Cumsum reversed?

I need to do cumsum where I start at the end of vector v, and sum backwards.

Is there a separate function for this, or should I just do cumsum(v[end:-1:1])[end:-1:1]?

Not pretty but easy to remember: reverse(cumsum(reverse(v)))

And for a faster in-place version of the above:



If you want performance you probably need to use a custom function. This should be close to optimal:

julia> function rev_cumsum!(c,x)
           cumsum = zero(eltype(x))
           @inbounds for i in lastindex(x):-1:firstindex(x)
               cumsum += x[i]
               c[i] = cumsum
           return c
rev_cumsum! (generic function with 1 method)

julia> function rev_cumsum(x)
           c = similar(x)
           return rev_cumsum!(c,x)
rev_cumsum (generic function with 1 method)

julia> x = rand(1:10,1000);

julia> @btime reverse(cumsum(reverse($x)));
  2.516 μs (3 allocations: 23.81 KiB)

julia> @btime rev_cumsum($x);
  570.379 ns (1 allocation: 7.94 KiB)

julia> @btime rev_cumsum!(c,$x) setup=(c=similar(x));
  364.524 ns (0 allocations: 0 bytes)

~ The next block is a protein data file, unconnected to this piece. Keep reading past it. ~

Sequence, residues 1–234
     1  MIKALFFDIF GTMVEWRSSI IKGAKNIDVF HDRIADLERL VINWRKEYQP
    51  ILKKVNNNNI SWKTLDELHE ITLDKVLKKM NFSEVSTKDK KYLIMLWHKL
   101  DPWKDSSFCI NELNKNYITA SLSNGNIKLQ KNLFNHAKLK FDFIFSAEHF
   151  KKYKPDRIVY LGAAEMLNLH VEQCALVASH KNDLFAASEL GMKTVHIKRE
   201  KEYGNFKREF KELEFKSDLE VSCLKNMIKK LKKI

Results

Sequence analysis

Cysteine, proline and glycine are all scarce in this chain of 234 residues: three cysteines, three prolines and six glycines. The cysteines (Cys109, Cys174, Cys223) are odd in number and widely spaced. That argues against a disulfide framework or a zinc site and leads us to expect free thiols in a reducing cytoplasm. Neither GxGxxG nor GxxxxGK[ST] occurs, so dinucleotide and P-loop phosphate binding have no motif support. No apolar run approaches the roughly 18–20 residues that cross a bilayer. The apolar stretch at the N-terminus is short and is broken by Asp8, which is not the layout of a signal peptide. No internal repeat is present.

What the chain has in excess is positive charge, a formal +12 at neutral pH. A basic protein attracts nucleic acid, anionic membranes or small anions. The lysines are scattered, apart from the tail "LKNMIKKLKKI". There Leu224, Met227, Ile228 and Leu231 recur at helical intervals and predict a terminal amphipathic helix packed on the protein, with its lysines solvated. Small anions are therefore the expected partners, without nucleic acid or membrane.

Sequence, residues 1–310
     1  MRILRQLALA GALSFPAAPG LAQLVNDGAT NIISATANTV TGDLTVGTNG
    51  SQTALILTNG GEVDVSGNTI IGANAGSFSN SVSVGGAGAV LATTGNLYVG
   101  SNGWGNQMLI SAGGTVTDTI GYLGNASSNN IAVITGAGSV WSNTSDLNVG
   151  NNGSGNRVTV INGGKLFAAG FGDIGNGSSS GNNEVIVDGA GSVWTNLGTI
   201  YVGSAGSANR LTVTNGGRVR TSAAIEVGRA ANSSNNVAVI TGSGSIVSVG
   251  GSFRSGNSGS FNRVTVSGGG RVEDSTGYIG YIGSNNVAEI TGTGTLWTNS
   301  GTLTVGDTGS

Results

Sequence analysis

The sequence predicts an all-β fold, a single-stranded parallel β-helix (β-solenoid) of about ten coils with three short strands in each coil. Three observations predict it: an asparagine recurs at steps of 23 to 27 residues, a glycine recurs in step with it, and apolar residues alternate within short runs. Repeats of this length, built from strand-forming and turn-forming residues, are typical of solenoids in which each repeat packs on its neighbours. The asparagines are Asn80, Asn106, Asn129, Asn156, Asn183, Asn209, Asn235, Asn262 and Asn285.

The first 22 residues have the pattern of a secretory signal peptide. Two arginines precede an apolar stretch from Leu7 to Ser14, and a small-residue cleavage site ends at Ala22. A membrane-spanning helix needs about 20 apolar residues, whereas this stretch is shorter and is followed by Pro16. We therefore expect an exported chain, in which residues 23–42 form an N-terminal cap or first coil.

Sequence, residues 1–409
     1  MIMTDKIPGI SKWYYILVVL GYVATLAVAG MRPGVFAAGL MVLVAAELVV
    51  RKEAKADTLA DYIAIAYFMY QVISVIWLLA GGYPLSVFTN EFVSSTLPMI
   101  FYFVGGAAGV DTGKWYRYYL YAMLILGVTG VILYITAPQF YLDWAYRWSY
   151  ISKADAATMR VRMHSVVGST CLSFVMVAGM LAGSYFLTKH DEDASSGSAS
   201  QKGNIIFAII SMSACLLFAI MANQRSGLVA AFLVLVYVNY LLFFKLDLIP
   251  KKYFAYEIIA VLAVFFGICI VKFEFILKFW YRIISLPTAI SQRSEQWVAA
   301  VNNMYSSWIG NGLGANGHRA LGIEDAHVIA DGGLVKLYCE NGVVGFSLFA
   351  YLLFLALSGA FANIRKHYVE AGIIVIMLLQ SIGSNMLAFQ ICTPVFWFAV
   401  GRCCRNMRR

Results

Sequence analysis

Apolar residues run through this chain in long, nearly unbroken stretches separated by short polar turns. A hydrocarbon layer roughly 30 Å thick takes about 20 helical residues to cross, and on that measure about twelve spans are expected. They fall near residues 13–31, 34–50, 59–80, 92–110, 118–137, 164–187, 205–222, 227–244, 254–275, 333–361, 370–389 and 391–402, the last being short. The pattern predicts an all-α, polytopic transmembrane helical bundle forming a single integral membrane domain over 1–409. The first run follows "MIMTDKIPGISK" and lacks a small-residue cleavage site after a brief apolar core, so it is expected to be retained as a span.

(edit: added @inbounds, which increases significantly the performance)


Maybe worth noting that you can use Iterators.reverse for this, at least for vectors, although you still need to reverse the result. You can also make a view with reversed indices, which will work for cumsum(x; dims) on matrices etc. too. Should be comparable to the hand-written loop:

julia> @btime reverse(cumsum(reverse($x)));
  min 1.812 μs, mean 5.976 μs (3 allocations: 23.81 KiB, mean GC time 22.64%)

julia> @btime rev_cumsum($x);
  min 424.731 ns, mean 1.569 μs (1 allocation: 7.94 KiB, mean GC time 25.95%)

julia> @btime reverse!(cumsum(Iterators.reverse($x)));
  min 736.321 ns, mean 1.882 μs (1 allocation: 7.94 KiB, mean GC time 22.86%)

julia> function rev_cumsum_v(x::AbstractVector)
         y = similar(x)
         cumsum!(view(y, reverse(axes(x,1))), view(x, reverse(axes(x,1))))

julia> @btime rev_cumsum_v($x);
  min 520.401 ns, mean 1.439 μs (7 allocations: 8.31 KiB, mean GC time 25.81%)

There could be a cumsum(f,x) that accepts a function as a first argument, or this is too rare as a use case to be worth the additional complication?

I think that would probably be in line with what was done to many of the other statistics function in order to allow the same, yet I don’t think it would help in this case as f is applied to all elements.

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What I had in mind was a mapping, such cumsum(i -> x[end-i+1], x), but that would be something else, of course.